Holidaymakers are set to benefit from greater financial protection when putting together their own travel package.
This comes after changes to the Air Travel Organisers’ Licensing (ATOL) scheme.
Since its introduction in 1973, ATOL has only provided refunds and repatriation if a travel operator for a package holiday goes bust.
However, this cover has now been extended under the Flight-Plus scheme.
Launched at the end of April, Flight-Plus covers arrangements that are essentially a package holiday.
What does this mean?
A traditional package holiday includes at least two of the following - flight, accommodation or tourist services, such as a tour representative or day trips.
This type of holiday is booked in advance and is sold at an inclusive price, meaning you pay for everything all together.
But as fewer and fewer people now go on such traditional package holidays, ATOL protection currently covers less than 50 per cent of trips.
But under Flight-Plus, holidays booked online, via call centres and in travel agents which did not have cover will now enjoy a level of protection.
For example, you will now be covered if you buy a flight and either accommodation or car hire separately from the same website, travel agent or tour operator within two days – and use them for the same trip.
It is estimated that between five and 10 million additional holidays a year will now be covered.
Greater clarity for travellers
Flight-Plus should bring greater clarity for travellers right away, while new ATOL certificates are due to be introduced from 1 October.
These will be issued to each customer, clarifying the cover that applies to their booking.
"The move marks a milestone in consumer protection," says Mark Tanzer from ABTA, the regulatory body for travel agents.
"Anyone booking a holiday should be actively looking for Atol protection."
The extended scheme is a big step in the right direction.
What is not covered?
However, travellers need to be aware that it still does not cover flight-only arrangements, holidays booked through airlines, and additional services booked along with flights on airline websites.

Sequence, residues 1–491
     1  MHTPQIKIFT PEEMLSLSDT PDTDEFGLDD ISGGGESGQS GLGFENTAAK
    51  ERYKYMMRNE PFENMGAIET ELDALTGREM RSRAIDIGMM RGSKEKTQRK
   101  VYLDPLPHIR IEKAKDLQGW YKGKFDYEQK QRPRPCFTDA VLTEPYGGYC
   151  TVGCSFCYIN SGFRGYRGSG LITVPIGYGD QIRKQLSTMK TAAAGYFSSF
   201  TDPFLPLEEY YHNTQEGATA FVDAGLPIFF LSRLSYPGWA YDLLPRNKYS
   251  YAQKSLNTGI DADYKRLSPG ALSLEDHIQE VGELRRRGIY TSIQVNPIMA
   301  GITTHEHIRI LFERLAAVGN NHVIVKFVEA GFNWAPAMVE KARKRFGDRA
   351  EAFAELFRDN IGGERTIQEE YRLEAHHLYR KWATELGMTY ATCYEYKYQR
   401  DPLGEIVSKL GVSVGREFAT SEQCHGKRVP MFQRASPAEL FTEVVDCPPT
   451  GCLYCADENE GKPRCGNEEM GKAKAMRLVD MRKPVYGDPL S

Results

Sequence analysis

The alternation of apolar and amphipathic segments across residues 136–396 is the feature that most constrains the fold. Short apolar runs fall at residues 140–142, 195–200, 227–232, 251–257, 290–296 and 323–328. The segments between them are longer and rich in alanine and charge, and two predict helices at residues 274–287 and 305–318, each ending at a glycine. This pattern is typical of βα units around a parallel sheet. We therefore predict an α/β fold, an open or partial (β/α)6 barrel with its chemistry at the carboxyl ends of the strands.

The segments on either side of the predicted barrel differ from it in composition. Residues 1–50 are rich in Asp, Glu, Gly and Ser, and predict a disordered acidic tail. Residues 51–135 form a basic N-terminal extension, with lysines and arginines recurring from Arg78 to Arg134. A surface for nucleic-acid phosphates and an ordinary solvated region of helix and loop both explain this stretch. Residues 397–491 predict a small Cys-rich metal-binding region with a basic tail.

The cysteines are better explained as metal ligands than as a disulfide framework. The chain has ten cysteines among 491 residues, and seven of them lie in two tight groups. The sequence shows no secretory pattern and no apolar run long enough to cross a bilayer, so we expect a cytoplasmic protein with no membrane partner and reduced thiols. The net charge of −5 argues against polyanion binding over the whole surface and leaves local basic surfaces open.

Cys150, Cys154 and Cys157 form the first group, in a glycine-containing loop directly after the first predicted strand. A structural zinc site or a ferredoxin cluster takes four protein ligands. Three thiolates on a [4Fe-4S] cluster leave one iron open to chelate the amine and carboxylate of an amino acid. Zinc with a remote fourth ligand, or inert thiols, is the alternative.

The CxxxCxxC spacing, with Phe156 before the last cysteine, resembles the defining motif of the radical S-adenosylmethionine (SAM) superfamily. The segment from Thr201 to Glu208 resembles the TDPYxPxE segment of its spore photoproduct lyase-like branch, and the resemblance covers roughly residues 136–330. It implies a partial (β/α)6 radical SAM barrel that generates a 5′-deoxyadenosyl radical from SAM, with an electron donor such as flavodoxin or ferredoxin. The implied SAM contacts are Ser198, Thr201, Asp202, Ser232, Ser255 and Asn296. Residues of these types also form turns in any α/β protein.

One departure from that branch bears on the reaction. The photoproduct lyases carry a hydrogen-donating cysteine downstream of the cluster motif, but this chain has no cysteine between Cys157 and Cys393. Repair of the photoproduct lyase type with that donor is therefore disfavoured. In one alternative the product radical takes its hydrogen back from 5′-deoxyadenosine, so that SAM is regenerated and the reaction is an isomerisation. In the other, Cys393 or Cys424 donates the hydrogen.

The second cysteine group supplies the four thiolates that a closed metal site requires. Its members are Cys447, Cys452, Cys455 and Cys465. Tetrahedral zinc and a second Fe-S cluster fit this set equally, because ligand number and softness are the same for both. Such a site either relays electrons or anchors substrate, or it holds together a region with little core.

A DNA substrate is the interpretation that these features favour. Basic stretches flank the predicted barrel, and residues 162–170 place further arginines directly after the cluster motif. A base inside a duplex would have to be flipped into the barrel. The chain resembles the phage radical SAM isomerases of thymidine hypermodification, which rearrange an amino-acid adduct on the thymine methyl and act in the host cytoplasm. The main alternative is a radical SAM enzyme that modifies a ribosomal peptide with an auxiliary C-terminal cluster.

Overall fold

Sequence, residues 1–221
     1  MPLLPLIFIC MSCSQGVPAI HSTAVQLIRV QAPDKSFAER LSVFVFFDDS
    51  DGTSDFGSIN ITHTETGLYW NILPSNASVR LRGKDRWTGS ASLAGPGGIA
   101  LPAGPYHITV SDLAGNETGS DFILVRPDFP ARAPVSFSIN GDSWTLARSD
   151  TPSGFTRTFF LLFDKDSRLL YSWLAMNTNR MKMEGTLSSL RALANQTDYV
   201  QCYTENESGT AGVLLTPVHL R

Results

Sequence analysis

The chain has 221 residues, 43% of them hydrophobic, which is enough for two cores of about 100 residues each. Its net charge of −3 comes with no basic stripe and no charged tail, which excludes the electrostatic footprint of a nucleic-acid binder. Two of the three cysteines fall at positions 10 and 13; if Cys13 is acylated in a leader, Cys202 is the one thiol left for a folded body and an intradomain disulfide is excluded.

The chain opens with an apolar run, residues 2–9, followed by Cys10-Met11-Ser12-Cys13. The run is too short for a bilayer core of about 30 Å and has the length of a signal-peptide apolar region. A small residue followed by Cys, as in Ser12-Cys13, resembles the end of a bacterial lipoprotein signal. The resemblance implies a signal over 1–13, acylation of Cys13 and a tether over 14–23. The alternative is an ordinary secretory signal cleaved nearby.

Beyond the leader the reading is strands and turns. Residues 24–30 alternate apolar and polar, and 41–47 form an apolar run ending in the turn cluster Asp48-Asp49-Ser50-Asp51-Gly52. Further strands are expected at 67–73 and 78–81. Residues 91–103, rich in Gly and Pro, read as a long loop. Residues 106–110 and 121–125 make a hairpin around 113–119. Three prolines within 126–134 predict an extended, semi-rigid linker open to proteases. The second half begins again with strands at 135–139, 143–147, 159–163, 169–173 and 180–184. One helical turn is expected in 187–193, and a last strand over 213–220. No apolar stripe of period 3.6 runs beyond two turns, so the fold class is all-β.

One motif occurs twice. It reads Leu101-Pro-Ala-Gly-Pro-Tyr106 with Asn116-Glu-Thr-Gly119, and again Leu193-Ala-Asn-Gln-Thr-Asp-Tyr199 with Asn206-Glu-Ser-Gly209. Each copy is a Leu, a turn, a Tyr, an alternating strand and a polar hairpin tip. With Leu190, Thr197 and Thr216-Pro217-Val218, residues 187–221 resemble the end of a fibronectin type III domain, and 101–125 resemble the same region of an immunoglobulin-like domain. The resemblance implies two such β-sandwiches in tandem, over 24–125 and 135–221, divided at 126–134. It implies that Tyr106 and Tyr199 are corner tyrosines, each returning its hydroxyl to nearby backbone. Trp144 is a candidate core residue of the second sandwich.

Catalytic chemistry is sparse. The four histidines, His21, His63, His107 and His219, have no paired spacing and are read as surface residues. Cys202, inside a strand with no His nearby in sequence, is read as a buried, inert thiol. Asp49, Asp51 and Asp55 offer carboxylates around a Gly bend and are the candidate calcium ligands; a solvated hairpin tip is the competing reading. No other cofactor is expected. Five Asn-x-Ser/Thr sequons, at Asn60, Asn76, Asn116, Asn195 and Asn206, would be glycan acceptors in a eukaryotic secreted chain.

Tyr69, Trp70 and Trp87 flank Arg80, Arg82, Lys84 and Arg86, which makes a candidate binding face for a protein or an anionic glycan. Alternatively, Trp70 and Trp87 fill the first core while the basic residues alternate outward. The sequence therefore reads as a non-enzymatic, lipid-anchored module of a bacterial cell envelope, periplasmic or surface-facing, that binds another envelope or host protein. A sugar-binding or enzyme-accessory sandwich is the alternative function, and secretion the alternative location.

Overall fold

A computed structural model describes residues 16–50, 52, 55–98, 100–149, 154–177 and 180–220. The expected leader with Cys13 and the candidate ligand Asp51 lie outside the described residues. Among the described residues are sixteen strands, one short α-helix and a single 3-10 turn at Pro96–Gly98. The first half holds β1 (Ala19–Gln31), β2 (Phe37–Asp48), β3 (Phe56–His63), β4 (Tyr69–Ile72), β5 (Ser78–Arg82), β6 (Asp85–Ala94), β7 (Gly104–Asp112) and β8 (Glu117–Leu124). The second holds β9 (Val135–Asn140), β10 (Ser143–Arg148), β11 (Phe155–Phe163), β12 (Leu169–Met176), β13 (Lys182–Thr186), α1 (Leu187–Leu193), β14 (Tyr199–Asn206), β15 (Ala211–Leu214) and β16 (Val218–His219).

Equally, all self-built trips and holidays where you request a flight and hotel from the same company more than two days apart remain unprotected.
"Aspects of ATOL remain unsatisfactory," says Louise Ellman MP from the Transport Select Committee.
"Information can be unclear and protection is patchy for passengers who book flights only.
"The CAA should work with airlines to develop a code of practice for all consumers making overseas holidays or travel bookings."
For all holidays without protection, ensure your travel insurance policy covers end supplier failure, as this should protect against loss due to the collapse of a firm which provides part of the holiday.
Remember that if you pay for your holiday by credit card, you will get protection under Section 75 of the Consumer Credit Act for transactions that cost between £100 and £30,000.
David Black from financial analyst, Defaqto, says: "The credit card provider is jointly liable with the retailer or service provider if the service is faulty or not delivered.
"Section 75 is a useful level of cover if, say, you buy airline tickets and the airline goes bust."
Similarly, if you use a Visa or Mastercard debit card, you can get protection from the Chargeback scheme.
In the longer term, the government has announced it intends to review cover for flight-only sales as part of the forthcoming Civil Aviation Bill, as new legislation is required to extend ATOL protection to airlines.